The number of women working in RegTech account for up to 35% of the industry’s workforce. While women seek employment in better-paid industries, their interest in technology has also increased. Additionally, Victoria Martin, the Head of Risk of 11:FS, recognises women’s great advocacy skills, their holistic approach to regulatory issues and being more risk-averse compared to males.
However, I personally believe they are better at risk assessment which is such a crucial compliance skill.
So why are women underrepresented in RegTech?
There has previously been little in the way of nurturing talent for women, whether through specific opportunities or mentorship programmes that would inevitably increase the level of education and joint success of both genders.
Our educational system fails to interest girls in technology during their formative years. While this trend is primarily visible within the programming and IT community, RegTech, being also grounded in technology, can suffer from this same malaise. However, this barrier is shifting. With the global RegTech market expected to grow from 6.3 billion USD last year to 16.0 billion USD by 2025, we should therefore expect the number of roles occupied by women to keep climbing.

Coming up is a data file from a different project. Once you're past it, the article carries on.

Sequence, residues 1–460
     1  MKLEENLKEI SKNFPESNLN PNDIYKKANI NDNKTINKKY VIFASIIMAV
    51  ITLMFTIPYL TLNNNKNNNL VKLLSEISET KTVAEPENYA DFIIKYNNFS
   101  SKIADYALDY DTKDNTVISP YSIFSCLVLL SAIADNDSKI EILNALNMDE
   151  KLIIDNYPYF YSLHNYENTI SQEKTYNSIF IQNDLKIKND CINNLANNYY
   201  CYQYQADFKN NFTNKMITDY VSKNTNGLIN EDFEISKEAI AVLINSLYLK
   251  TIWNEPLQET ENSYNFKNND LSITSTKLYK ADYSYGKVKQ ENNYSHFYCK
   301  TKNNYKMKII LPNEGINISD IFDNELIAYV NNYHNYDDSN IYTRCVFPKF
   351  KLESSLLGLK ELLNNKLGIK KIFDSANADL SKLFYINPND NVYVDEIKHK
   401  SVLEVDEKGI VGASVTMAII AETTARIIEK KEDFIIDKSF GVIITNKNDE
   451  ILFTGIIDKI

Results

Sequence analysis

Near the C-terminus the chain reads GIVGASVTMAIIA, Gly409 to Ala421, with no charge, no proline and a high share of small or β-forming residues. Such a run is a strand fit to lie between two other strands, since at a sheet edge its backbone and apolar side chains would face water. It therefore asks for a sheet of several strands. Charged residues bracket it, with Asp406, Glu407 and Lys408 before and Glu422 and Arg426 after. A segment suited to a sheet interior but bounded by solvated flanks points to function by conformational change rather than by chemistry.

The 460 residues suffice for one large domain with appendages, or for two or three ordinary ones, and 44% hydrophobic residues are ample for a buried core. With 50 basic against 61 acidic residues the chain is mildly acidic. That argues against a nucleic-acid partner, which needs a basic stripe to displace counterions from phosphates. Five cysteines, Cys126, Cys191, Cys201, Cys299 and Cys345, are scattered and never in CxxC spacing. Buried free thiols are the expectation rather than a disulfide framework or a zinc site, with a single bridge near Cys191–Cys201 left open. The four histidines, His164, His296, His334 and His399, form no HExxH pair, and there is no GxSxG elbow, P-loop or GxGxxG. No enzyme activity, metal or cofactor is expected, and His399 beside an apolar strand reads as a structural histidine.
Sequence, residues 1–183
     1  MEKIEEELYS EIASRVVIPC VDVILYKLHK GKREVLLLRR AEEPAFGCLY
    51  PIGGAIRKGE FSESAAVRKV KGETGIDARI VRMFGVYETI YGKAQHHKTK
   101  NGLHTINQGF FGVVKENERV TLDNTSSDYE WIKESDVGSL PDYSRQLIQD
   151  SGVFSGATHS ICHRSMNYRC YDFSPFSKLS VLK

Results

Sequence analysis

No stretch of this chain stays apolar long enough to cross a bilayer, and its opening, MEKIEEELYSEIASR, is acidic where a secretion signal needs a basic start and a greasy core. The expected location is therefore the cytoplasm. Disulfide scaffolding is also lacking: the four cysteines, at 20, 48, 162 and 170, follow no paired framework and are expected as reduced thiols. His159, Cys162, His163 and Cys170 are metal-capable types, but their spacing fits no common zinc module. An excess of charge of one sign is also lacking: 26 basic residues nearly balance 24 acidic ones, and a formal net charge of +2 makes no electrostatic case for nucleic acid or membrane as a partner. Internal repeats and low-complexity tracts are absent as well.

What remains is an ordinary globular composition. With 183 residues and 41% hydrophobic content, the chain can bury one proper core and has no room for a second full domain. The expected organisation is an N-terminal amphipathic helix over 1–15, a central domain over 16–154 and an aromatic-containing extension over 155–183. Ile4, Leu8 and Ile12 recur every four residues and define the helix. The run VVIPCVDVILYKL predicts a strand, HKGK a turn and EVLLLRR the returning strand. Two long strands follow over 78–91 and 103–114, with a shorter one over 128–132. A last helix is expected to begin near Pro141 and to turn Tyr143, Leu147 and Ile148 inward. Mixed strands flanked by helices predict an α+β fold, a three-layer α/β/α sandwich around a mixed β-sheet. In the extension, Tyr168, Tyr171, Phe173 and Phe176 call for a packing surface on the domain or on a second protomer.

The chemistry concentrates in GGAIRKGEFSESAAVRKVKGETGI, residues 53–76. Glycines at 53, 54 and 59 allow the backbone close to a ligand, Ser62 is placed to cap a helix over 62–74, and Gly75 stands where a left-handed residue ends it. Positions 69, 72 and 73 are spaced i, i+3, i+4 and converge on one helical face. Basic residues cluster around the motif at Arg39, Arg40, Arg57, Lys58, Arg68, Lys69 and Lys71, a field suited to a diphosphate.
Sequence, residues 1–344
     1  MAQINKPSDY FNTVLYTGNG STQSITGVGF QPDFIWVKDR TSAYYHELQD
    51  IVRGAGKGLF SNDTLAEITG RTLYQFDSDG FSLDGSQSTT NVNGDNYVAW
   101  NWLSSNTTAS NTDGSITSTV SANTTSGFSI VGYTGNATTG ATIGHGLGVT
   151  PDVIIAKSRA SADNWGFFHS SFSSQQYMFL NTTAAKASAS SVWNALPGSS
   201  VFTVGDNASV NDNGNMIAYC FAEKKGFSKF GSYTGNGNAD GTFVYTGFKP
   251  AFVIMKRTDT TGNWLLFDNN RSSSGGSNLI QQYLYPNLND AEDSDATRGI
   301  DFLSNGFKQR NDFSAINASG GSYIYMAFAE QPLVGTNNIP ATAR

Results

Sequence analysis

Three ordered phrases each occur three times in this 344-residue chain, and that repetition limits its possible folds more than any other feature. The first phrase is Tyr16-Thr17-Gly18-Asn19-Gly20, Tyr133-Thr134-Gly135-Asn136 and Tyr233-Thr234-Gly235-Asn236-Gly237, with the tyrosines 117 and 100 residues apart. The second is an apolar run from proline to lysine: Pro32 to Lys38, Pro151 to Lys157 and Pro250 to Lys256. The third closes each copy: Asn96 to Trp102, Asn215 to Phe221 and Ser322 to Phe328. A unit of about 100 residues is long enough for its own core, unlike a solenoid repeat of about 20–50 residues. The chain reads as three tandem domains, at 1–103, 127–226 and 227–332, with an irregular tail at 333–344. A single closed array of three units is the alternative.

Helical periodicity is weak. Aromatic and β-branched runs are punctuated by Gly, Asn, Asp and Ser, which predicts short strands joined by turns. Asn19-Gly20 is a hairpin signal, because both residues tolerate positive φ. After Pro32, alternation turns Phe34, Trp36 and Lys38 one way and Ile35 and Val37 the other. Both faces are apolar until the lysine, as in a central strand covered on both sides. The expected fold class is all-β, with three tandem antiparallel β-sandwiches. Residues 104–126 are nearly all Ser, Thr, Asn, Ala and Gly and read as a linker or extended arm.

Networks such as RegTech Women are supporting this rise, as they promote the vital role that woman play in the industry. I was appointed by RegTech Women to be a member of the advisory board and to bring more insight into how women can contribute to the field of Regulatory Technology.
The sad reality in this industry is that it is not diverse. Last year, Francesca Hopwood Road, head of RegTech at the FCA, discussed how the hiring process structurally worked against the employment of females in RegTech.
What must be done, to shift barriers in the RegTech industry?
As mentioned by Marisol Lopez Mellado, Global Head of KYC Services at IHS Markit, creating a diverse environment is imperative. It is not just about bringing in more females but allowing them to have a clear path of progressing to leadership roles.
Written by Jane Jee, Chair at Kompli-Global